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Merced
National Wildlife Refuge


8 miles south of Merced, Calif., on State Hwy 59,
then 8 miles west on Sandy Mush Road.
Merced County, CA   
E-mail: tara_wertz@fws.gov@fws.gov
Phone Number: 209-826-3508
Visit the Refuge's Web Site:
http://www.fws.gov/refuge/merced/
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  Overview
Merced National Wildlife Refuge
The Merced National Wildlife Refuge encompasses 10,258 acres of wetlands, native grasslands, vernal pools, and riparian areas. It was established in 1951 under the Lea Act to attract wintering waterfowl away from adjacent farmland where foraging ducks and geese were causing extensive damage to crops.

The refuge hosts the largest wintering populations of lesser sandhill cranes and Ross' geese along the Pacific Flyway. Each fall approximately 20,000 cranes and 60,000 arctic nesting geese terminate their annual migrations from Alaska and Canada to make the refuge home. Here they mingle with thousands of other visiting waterfowl and shorebirds to make the refuge a true winter phenomenon.

The refuge provide important breeding habitat for Swainson's hawks, tri-colored blackbirds, marsh wrens, mallards, gadwall, cinnamon teal and burrowing owls. Coyotes, ground squirrels, cottontail rabbits, beaver and long-tailed weasels can also be seen year round.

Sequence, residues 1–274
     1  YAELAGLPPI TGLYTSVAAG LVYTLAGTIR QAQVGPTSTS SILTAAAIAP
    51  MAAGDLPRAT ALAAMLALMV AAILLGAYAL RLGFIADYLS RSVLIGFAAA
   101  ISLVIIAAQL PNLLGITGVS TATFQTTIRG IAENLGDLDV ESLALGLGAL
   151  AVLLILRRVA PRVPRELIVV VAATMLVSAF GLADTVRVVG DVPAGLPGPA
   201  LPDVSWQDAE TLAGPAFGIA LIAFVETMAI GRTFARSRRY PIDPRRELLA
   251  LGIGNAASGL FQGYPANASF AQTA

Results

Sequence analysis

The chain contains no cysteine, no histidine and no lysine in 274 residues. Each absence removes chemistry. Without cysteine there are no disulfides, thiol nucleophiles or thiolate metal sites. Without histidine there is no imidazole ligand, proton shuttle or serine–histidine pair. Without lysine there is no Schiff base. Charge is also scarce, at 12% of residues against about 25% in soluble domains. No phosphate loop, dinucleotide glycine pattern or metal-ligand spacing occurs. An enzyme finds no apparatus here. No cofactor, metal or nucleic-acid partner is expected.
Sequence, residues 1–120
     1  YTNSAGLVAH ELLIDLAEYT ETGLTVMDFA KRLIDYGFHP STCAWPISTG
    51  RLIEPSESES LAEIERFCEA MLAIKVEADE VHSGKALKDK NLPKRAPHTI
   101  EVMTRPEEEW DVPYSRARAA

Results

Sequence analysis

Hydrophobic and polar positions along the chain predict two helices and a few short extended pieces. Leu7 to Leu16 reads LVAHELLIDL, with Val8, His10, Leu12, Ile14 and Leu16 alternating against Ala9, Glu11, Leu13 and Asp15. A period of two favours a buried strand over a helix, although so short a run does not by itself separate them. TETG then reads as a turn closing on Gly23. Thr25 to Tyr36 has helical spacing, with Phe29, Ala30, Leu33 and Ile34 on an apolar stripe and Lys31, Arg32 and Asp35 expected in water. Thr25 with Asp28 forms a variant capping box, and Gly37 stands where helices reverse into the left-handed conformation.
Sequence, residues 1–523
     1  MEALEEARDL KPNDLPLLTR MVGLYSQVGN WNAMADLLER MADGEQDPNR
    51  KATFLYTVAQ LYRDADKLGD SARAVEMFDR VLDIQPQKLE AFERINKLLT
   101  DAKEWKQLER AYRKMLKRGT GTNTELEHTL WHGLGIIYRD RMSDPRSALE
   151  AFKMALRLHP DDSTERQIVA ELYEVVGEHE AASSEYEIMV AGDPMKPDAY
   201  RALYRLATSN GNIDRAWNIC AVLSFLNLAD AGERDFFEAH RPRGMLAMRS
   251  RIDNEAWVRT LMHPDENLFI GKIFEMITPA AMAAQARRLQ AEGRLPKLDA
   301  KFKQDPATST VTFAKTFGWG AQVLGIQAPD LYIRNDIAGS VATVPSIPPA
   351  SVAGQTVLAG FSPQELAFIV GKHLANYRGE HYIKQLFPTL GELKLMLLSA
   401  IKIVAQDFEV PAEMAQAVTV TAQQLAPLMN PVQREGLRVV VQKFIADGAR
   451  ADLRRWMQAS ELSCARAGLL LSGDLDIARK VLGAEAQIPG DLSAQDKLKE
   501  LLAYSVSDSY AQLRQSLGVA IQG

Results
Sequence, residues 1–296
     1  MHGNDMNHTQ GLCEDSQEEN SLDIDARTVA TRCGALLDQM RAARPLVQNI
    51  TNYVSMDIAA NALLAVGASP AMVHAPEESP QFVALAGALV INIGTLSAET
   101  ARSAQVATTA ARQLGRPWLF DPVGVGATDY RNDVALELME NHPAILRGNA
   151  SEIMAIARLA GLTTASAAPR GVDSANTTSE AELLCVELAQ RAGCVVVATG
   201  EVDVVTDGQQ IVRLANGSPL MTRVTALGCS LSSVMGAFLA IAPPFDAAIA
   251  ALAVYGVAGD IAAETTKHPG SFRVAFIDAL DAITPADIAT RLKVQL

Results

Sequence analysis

Getting There . . .
Merced Refuge can be reached by driving 8 miles south of Merced on State Highway 59 and then 8 miles west on Sandy Mush Road.


Get Google map and directions to this refuge/WMD from a specified address:

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These driving directions are provided as a general guide only. No representation is made or warranty given as to their content, road conditions or route usability or expeditiousness. User assumes all risk of use.

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Management Activities
Refuge wetlands are intensively managed for a diversity of plants beneficial to waterbirds. Thousands of acre-feet of water are distributed across the wetlands by an intracate system of pipelines, ditches and pumps. Natural waterfowl food plants such as wild millet and swamp timothy are produced in the seasonally-flooded wetlands. Refuge crop fields produce a bounty of corn, winter wheat, and open pasture, for use by sandhill cranes and geese. These migratory birds rely upon this valuable food supply to ensure that their return flight to the northern breeding grounds is made on a "full stomach."